Tuesday, December 05, 2006

Stretch Run: the NFC

It's not a travesty that in the NFC four 6-6 teams and three 5-7 teams are fighting for a playoff spot. First of all, I HATE when 8-8 teams make the playoffs, even if it's the Vikings. My feeling is that if you go 9-7, maybe you make the playoffs, maybe you don't, but either way you've had a winning record and could justify a spot in the playoffs but have screwed up enough that it's out of your hands. 8-8 playoff teams luck in based on the conference. I say this even though in 2004 the 8-8 Vikes gave me one of my favorite football memories, upsetting the Packers at Lambeau. That said, in 2003 and 2004 the Vikes were 9-7 and missed the playoffs. If one or two 8-8 teams make the playoffs, I'll be disappointed (though it's happened before without disaster, and on Madden these teams sometimes end up 12-8 Super Bowl champs). If a 7-9 team gets into the playoffs, I'm ready to call that a travesty.

But I am fairly certain that won't happen.

Surprising teams often get into the playoffs by playing their best football in December. All of these teams could go on a run of very good football to reach 9-7 or 10-6; most of these teams are capable of winning playoff games.

Let's concede the NFC division winners (even though Carolina has a legitimate chance to catch New Orleans; if Carolina wins out, including a week 17 game against the Saints, and the Saints manage to lose just one other game, the Panthers win the division). Let's say Chicago (which has already clinched), Dallas, Seattle, and New Orleans all win their divisions.

I'm willing to make this prediction before looking at the schedule:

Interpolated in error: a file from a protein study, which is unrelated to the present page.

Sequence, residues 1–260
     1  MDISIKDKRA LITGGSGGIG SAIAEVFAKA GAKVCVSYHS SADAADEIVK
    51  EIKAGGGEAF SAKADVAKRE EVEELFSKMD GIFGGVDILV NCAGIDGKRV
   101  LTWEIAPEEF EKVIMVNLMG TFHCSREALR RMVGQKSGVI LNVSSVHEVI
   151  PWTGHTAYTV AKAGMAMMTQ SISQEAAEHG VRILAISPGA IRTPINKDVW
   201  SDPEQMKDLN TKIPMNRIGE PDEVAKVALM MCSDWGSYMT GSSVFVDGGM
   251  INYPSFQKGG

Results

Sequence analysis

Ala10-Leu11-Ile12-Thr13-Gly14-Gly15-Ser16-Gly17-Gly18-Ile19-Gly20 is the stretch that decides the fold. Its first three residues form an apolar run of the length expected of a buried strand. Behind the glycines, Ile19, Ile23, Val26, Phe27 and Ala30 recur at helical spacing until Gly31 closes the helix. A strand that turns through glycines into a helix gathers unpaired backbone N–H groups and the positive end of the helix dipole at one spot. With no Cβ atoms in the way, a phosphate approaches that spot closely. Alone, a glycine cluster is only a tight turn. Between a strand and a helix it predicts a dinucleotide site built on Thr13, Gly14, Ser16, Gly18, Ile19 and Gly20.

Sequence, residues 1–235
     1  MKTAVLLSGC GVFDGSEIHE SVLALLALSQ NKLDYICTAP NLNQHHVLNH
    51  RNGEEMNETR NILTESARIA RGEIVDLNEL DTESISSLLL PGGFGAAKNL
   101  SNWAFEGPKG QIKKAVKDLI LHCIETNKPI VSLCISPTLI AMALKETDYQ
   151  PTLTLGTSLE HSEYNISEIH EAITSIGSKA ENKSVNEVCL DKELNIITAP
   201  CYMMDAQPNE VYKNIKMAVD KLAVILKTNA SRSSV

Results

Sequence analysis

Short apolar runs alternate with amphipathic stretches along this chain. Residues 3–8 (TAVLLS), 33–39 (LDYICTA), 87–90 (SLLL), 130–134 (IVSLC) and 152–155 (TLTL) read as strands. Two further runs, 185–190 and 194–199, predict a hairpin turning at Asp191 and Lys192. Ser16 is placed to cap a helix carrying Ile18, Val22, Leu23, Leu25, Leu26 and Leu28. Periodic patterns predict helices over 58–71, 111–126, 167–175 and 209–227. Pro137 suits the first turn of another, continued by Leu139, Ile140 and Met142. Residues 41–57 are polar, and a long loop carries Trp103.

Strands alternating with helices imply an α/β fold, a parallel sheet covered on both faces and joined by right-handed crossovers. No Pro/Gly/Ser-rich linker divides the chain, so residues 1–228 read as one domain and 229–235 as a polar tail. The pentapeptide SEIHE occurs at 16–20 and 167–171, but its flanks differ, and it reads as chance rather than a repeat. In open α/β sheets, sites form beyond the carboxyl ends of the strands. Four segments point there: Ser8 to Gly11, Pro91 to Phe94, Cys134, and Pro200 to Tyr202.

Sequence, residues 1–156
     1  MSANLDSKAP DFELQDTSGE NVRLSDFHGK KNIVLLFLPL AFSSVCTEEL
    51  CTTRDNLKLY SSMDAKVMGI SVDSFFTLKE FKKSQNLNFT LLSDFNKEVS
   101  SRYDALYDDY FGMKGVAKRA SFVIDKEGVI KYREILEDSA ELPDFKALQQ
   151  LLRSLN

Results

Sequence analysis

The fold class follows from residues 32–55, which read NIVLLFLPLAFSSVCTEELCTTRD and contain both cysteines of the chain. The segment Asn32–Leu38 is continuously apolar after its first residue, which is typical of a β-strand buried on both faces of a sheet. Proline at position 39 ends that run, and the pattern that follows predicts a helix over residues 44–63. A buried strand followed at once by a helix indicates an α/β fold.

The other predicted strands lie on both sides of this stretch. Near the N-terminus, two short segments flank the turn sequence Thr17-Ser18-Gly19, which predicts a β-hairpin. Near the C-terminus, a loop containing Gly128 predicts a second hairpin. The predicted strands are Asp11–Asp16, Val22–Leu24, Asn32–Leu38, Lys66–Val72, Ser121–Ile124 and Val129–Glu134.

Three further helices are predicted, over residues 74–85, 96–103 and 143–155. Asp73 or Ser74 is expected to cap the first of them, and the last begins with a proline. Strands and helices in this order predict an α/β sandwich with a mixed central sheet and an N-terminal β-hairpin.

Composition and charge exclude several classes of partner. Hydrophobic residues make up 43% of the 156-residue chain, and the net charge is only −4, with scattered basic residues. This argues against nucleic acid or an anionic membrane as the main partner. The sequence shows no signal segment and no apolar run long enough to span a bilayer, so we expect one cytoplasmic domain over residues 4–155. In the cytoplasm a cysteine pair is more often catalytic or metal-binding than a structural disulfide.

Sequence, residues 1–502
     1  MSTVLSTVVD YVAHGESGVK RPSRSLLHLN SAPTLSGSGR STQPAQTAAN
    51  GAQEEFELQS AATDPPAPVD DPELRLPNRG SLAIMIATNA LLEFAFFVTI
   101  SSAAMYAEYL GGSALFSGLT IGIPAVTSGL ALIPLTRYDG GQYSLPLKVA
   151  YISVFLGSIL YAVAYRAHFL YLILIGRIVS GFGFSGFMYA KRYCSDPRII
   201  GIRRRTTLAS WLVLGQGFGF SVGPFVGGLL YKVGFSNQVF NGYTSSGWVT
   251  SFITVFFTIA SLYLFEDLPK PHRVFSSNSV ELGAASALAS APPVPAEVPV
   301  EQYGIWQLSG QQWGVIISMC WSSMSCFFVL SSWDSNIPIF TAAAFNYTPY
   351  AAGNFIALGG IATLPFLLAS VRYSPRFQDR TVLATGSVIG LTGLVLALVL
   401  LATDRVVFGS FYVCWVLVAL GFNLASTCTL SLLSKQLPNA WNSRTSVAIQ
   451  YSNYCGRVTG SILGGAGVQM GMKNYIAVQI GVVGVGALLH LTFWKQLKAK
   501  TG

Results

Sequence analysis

If one of the remaining 6-6 or 5-7 teams wins out, that team will make the playoffs.

I don't think it will be out of their hands; I think if any of the current playoff contenders can win the next 4 games, those teams will be in the playoffs.

Now let's look at the schedule for these teams to see what's real and mathematical about the possibility of winning out. Listed are the NFC teams still capable of a winning record and the remaining schedule.

Giants (6-6): @ Carolina, Philadelphia, New Orleans, @ Washington
If the Giants win out, they will make the playoffs, since they will have dropped the Panthers and Eagles to 7 losses and could only be tied by Atlanta.

Philadelphia (6-6): @ Washington, @ New York (giants), @ Dallas, Atlanta
If the Eagles win out, they will make the playoffs, since they will have dropped the Giants and Falcons to 7 losses and could only be tied by the Panthers

Falcons (6-6): @ Tampa Bay, Dallas, Carolina, Philadelphia
If the Falcons win out, they will make the playoffs, since they will have dropped the Panthers and Eagles to 7 losses and could only be tied by New York.

Panthers (6-6): New York (giants), Pittsburgh, @ Atlanta, @ New Orleans
If the Panthers win out, they will make the playoffs because they will have dropped the Giants and Falcons to 7 wins, and Philadelphia could only tie them.

Vikings (5-7): @ Detroit, New York (jets), @ Green Bay, St. Louis
The only playoff rival the Vikings can directly affect is the Rams.

49ers (5-7): Green Bay, @ Seattle, Arizona, @ Denver
The 49ers cannot directly affect a playoff rival.

Rams (5-7): Chicago, @ Oakland, Washington, @ Minnesota
The only playoff rival the Rams can directly affect is the Vikings.

So there you go: since each of the 6-6 teams have two matchups against the other 6-6 teams remaining, those teams are mathematically guaranteed a playoff spot if they win all their remaining games. They control their own destiny.